Alec Nevala-Lee

Thoughts on art, creativity, and the writing life.

The Phantom Tollbooth and the Terrible Trivium

with 9 comments

Michael Chabon’s wonderful appreciation of The Phantom Tollbooth in the New York Review of Books puts me gratefully in mind of one of my own favorite novels, a book that I read and loved as a child but didn’t fully appreciate until picking it up again a few years ago. As a kid, you respond most immediately to the surface pleasures of Norton Juster’s great book: the puns, the absurd characters and situations, the seemingly effortless skill in storytelling, and, not least of all, Jules Feiffer’s remarkable illustrations. It’s only much later that you realize that this book of amiable nonsense is actually an instruction manual on how to be alive, and in particular on how to be a real grownup.

Most works of art are gloriously useless, but The Phantom Tollbooth is one of those rare novels, like In Search of Lost Time, that is both a masterpiece and full of incredibly useful advice. Juster doesn’t simply put Milo in the Doldrums, for instance, but gets him out as well. How? By thinking. He demonstrates how easy it is to jump to Conclusions, and that you can only get back with a long swim in the Sea of Knowledge, from which you emerge perfectly dry. He tells you how to deal with the Senses Takers of the world, whose forms and questions can drain you of your sense of purpose, duty, and proportion—but not if you keep your sense of humor. Through my namesake, Alec Bings, he reminds you to always look at the world from different points of view. And it’s a miniature symposium, of course, on the joys of words, numbers, colors, and music.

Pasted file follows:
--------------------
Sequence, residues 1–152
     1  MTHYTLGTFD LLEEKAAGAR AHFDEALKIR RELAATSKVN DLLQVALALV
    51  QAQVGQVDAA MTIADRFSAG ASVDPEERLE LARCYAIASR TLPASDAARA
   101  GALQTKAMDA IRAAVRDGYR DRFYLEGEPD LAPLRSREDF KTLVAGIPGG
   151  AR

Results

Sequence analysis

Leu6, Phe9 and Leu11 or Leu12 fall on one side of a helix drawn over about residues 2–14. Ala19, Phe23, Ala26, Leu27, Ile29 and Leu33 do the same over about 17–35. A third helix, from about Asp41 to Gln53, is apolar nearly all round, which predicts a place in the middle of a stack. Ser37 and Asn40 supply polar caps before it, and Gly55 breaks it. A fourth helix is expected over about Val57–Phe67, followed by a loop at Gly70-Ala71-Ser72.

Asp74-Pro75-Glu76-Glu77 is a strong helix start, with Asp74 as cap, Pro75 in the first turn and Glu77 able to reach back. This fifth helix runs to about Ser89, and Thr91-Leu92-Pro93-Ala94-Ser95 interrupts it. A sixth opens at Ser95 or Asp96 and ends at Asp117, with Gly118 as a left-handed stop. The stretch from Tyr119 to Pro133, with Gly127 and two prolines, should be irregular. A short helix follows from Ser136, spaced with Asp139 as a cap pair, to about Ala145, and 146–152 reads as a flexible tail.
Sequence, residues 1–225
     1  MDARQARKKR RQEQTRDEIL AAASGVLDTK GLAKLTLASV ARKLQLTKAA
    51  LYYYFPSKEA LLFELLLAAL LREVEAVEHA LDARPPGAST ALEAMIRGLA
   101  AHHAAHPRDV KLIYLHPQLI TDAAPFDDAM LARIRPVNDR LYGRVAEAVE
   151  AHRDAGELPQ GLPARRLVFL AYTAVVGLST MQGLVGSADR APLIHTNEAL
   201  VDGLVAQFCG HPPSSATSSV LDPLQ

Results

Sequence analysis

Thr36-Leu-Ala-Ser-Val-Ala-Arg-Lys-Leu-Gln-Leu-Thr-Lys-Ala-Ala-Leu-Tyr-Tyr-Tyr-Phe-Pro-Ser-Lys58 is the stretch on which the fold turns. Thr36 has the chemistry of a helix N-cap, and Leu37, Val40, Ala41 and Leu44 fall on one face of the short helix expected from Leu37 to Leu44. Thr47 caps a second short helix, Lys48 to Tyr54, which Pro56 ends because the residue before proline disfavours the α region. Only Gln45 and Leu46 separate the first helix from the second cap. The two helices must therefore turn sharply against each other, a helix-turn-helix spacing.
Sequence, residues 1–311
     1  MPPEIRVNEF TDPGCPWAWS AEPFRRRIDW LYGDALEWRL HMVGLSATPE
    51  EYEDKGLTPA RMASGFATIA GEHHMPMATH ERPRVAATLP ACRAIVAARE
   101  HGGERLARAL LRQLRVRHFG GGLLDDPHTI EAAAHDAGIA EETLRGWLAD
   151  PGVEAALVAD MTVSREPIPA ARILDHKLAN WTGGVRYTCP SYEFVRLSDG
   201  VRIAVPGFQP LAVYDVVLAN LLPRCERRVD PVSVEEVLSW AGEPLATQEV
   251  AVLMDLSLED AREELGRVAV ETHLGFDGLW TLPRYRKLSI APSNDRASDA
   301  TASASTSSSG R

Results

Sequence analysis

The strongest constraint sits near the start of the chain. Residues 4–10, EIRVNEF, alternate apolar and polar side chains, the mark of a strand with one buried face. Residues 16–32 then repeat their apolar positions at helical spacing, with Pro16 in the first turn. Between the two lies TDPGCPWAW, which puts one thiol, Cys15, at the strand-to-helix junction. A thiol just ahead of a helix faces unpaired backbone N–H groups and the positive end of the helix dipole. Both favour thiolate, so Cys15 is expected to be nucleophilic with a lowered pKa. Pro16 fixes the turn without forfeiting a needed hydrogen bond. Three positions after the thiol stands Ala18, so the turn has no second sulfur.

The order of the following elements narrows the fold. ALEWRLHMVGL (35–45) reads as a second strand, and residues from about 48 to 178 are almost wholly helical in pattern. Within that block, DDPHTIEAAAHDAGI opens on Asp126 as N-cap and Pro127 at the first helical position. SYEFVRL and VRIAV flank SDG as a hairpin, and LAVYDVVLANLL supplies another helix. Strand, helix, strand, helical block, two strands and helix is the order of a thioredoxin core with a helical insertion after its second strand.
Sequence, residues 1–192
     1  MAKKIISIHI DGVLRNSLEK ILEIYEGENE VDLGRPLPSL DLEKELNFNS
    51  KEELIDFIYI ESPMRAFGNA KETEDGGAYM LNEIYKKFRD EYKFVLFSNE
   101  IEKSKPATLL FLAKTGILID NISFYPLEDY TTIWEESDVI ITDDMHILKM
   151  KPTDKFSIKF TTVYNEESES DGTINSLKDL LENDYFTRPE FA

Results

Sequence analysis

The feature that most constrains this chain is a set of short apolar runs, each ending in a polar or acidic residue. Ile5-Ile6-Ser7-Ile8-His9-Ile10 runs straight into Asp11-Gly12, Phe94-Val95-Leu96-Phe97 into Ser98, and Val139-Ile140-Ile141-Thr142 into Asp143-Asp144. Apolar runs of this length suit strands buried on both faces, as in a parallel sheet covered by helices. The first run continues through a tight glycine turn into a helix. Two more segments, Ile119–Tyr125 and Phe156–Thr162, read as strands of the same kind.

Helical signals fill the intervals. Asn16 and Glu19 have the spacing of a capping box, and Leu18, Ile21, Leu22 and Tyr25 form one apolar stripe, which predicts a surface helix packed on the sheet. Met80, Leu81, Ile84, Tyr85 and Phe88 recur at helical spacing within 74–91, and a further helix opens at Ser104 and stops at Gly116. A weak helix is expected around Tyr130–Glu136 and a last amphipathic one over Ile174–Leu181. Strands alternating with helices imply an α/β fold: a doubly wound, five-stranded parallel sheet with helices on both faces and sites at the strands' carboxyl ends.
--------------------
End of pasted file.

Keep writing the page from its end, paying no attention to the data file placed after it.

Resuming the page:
But the greatest episode in the novel, and one that you can only truly understand after you’ve tried to be a grownup for a while, is the story of the Terrible Trivium. Reading this scene again a few years back, after I’d quit my old job and was trying to make a life for myself as a writer, was a jawdropping experience. In the Mountains of Ignorance, Milo and his friends encounter an elegantly dressed gentleman without a face, who charmingly asks them to complete a few simple tasks—moving an enormous pile of sand with a pair of tweezers, emptying a well with an eyedropper, digging a hole through a cliff with a needle. They get contentedly to work, and it’s only after hours have passed, and Milo calculates that they won’t be done for another eight hundred years, that the awful truth about the stranger emerges:

“Quite correct!” he shrieked triumphantly. “I am the Terrible Trivium, demon of petty tasks and worthless jobs, ogre of wasted effort, and monster of habit.”

And then he explains, whispering softly:

“Now do come and stay with me. We’ll have so much fun together. There are things to fill and things to empty, things to take away and things to bring back, things to pick up and things to put down, and besides all that we have pencils to sharpen, holes to dig, nails to straighten, stamps to lick, and ever so much more. Why, if you stay here, you’ll never have to think again—and with a little practice you can become a monster of habit, too.”